Study shows pandemic hit refugees harder in jobs and mental health

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In a 2020 study conducted by the Partnerships for the Advancement of New Americans, it showed that refugees faced exacerbated inequities during the pandemic in job loss and mental health. Interviewing 544 refugees and first-generation community members, PANA discovered that refugees faced worsened conditions in wage loss at 84%, and worsened mental health reported at 49%. The study also showed refugees living in San Diego six or more years had 150% times higher total of adverse community affects of COVID-19 compared to immigrants living in San Diego five years or less. Every two years, PANA conducts a survey of refugees in San Diego County to better understand the experiences, challenges, and needs of its communities.

Senior author Dr. Rebecca Fielding-Miller, assistant professor at the Herbert Wertheim School of Public Health and Human Longevity Science at UC San Diego and a faculty member at the Center on Gender Equity and Health at UC San Diego School of Medicine said as the region moves forward into the next chapter of the pandemic, that it is important to remember that there is inequity in those affected by COVID-19 and an equitable response is needed locally and across the nation.

Jeanine Erikat, PANA policy associate and survey lead, said PANA fights to advance full economic, social, and civic inclusions of refugees in the San Diego region and across the region centering around the fight for affordable housing, equity and inclusion.

“Our 2020 report is particularly timely as it reveals how refugees are faring through the global pandemic, the economic downturn, and the rise in white supremacy, Islamophobia, and hate crimes,” she said.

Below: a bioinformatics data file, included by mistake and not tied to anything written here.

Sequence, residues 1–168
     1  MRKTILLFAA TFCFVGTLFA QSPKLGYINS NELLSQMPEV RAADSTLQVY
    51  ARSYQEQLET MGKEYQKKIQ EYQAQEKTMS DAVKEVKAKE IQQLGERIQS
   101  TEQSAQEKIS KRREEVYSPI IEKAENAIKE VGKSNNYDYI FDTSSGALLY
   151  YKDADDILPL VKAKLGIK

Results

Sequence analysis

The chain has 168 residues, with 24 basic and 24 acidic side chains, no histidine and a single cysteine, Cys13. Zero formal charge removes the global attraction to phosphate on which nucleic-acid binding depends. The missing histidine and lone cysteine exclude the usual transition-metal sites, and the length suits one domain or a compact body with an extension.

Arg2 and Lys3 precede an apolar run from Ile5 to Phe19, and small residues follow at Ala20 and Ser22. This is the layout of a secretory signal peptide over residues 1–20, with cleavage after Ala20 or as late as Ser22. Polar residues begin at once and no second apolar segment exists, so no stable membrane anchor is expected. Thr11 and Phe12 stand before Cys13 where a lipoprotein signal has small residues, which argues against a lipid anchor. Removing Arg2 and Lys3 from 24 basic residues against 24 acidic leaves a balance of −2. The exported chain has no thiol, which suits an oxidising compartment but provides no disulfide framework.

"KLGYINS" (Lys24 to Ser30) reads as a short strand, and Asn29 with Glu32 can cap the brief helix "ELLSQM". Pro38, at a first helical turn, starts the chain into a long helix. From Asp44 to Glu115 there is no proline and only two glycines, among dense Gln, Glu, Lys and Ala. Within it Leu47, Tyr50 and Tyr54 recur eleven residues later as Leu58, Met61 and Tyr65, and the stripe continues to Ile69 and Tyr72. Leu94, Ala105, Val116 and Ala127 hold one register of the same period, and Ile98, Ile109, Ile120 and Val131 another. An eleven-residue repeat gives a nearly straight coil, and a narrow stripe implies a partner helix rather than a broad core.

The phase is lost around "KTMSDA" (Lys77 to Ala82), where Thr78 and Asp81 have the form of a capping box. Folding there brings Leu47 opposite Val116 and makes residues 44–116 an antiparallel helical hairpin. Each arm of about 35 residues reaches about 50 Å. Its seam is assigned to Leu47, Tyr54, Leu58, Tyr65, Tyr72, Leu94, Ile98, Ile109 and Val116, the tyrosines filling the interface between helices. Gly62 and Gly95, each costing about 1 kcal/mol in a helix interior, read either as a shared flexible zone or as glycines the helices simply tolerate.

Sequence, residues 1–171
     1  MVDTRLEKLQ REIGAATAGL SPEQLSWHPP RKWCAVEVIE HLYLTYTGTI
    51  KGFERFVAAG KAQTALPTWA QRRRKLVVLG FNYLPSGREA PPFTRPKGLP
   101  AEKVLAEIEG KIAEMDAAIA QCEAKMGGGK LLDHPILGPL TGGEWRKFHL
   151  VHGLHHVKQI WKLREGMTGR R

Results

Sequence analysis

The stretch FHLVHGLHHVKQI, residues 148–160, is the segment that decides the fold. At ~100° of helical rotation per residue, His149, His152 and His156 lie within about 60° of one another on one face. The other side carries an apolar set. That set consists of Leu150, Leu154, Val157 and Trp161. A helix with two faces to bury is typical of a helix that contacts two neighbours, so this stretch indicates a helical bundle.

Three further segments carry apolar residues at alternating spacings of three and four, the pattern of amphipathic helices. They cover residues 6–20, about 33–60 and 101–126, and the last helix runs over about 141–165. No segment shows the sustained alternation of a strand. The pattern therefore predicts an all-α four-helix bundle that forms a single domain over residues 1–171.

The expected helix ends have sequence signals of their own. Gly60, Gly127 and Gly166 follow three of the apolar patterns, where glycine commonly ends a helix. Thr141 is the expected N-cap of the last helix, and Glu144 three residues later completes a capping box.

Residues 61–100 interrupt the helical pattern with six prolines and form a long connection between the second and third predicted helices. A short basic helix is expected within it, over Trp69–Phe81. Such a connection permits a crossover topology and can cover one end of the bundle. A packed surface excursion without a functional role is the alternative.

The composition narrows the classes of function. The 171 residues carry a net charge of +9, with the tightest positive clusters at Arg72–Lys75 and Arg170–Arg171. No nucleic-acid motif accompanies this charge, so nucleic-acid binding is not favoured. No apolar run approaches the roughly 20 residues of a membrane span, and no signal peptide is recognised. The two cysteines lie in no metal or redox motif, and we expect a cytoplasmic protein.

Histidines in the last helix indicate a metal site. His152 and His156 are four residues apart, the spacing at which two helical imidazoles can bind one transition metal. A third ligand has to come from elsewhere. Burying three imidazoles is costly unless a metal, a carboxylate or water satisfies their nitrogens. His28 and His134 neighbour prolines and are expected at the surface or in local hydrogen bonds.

Erikat said she met weekly with Fielding-Miller and organizers who conducted inperson and over the phone interviews in English, Arabic, Somali, Oromo, Dari, Pashto, Karem, and Burmese, then supported writing the Refugee Experiences Report with researchers.

“Beyond numbers, when we interviewed refugees during in depth community conversations, we found most refugees in San Diego are low-income and those employed are generally in public facing, service industry jobs and were the first to be let go in the pandemic,” said Erikat. “Service industry jobs continue to be the jobs with the highest risk of exposure, so while some of us were able to transition to remote work that was never an option for many refugees in San Diego who continue to only be eligible for severely low income jobs. As you can imagine the stress of being unemployed can lead to worsened mental health as people are scrambling to figure out how they’re going to pay rent, feed their families, and ensure their basic needs are met.”

Erikat said investing in refugees is part of a solution and important for future generations, providing them access to mental health services, education, and employment.

“Refugees coming to San Diego are arriving in the midst of a housing crisis, working in increasingly low-income jobs, and struggling to make ends meet,” she said. “Investment in up-skilling refugees in family sustaining jobs and prioritizing rapid access to affordable housing upon initial resettlement is necessary to ensure the health and safety of refugees. When refugees thrive, the whole nation thrives.”